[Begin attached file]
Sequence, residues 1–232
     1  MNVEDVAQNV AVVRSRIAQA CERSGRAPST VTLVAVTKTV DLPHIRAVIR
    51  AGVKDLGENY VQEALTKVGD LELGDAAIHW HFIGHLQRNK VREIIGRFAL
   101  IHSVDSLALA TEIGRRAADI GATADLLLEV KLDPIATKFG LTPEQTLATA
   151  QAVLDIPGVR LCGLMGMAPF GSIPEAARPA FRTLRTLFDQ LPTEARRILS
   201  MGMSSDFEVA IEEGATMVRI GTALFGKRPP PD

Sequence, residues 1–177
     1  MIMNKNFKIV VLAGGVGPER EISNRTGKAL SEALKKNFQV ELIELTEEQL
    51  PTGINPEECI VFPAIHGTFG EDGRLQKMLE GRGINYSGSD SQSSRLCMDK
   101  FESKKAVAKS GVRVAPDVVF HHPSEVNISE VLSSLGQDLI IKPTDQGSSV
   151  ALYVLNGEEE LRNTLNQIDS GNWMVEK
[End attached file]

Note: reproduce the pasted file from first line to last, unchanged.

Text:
Sequence, residues 1–232
     1  MNVEDVAQNV AVVRSRIAQA CERSGRAPST VTLVAVTKTV DLPHIRAVIR
    51  AGVKDLGENY VQEALTKVGD LELGDAAIHW HFIGHLQRNK VREIIGRFAL
   101  IHSVDSLALA TEIGRRAADI GATADLLLEV KLDPIATKFG LTPEQTLATA
   151  QAVLDIPGVR LCGLMGMAPF GSIPEAARPA FRTLRTLFDQ LPTEARRILS
   201  MGMSSDFEVA IEEGATMVRI GTALFGKRPP PD

Sequence, residues 1–177
     1  MIMNKNFKIV VLAGGVGPER EISNRTGKAL SEALKKNFQV ELIELTEEQL
    51  PTGINPEECI VFPAIHGTFG EDGRLQKMLE GRGINYSGSD SQSSRLCMDK
   101  FESKKAVAKS GVRVAPDVVF HHPSEVNISE VLSSLGQDLI IKPTDQGSSV
   151  ALYVLNGEEE LRNTLNQIDS GNWMVEK